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Perspective on energetic and thermal atmospheric photoelectrons
  • WK Peterson
WK Peterson
University of Colorado Boulder

Corresponding Author:wkpeterson@gmail.com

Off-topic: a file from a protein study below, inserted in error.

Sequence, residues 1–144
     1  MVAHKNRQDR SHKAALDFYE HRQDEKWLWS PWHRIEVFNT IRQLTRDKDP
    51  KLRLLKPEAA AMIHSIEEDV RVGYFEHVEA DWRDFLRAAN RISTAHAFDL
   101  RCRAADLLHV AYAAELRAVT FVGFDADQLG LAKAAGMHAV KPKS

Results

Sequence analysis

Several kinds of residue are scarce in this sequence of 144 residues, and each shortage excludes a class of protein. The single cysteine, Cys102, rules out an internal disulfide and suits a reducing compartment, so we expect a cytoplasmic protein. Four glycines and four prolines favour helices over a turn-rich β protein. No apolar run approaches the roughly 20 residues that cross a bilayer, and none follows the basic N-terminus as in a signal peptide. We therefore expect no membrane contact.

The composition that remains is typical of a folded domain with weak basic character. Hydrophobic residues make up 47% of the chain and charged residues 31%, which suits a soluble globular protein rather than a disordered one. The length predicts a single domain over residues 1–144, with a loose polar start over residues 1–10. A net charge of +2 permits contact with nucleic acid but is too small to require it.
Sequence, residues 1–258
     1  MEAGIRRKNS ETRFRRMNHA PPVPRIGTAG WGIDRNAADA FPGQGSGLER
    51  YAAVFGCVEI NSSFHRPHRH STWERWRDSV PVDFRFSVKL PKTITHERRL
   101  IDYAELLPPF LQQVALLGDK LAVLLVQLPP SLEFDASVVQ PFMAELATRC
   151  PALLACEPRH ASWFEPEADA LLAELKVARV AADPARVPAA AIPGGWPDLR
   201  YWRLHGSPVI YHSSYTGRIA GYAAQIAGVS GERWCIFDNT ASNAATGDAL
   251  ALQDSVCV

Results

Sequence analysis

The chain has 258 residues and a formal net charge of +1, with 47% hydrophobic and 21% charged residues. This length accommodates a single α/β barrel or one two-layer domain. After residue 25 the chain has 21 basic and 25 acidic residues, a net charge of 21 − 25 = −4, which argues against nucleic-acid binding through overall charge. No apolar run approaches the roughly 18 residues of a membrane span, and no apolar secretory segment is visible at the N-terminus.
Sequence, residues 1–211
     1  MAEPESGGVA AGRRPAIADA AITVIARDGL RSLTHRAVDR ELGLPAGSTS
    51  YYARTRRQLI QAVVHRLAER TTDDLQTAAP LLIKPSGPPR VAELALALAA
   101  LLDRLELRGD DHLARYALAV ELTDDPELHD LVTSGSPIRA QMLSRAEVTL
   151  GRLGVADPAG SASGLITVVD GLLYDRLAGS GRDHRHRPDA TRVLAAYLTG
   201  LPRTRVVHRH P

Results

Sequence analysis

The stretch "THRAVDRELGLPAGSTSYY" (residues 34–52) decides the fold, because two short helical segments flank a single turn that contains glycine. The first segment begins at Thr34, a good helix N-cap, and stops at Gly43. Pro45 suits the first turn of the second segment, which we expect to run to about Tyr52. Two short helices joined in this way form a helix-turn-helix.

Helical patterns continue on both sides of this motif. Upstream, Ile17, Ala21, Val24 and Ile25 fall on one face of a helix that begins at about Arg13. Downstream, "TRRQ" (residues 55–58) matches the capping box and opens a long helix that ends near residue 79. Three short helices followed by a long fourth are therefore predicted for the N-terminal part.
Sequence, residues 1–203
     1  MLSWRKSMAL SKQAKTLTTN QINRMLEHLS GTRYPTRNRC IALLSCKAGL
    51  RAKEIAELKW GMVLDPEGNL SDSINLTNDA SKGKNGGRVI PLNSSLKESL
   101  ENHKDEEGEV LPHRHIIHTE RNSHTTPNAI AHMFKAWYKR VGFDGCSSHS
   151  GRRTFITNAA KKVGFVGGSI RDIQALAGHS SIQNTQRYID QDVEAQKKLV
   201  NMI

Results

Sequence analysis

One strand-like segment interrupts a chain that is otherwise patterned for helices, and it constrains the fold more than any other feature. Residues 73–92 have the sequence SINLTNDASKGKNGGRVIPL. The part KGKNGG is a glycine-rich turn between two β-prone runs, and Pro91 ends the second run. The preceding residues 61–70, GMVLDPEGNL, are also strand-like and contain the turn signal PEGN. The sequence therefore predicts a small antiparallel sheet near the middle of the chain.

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Atmospheric photoelectrons are central to the production of planetary ionospheres. They are created by photoionization of the neutral planetary atmosphere by solar EUV and soft X-ray irradiance. They provide the energy to heat the thermosphere. Thermalized photoelectrons permeate magnetospheres creating polarization electric fields and plasma waves as they interact with ions to maintain charge neutrality. Energetic photoelectrons (>1 eV) have a distinctive energy spectral shape as first revealed in data from the Atmosphere Explorer satellites. Energetic photoelectrons escaping the ionosphere follow local magnetic fields illuminating the planet’s magnetic topology. Current models using state-of-the-art EUV observations accurately capture their production and transport. However, in spite of 60 years of space research the electron thermalization processes occurring below 1 eV at low altitudes in planetary thermospheres are not understood quantitatively. Results from event analysis of data from the Mars Atmosphere and Volatile Evolution (MAVEN) mission are not consistent with current models of photoelectron thermalization. The lack of quantitative understanding reflects the complexity of the physics and the lack of a large data base of simultaneous neutral, ion, and electron densities and temperatures in lower planetary thermospheres Introduction: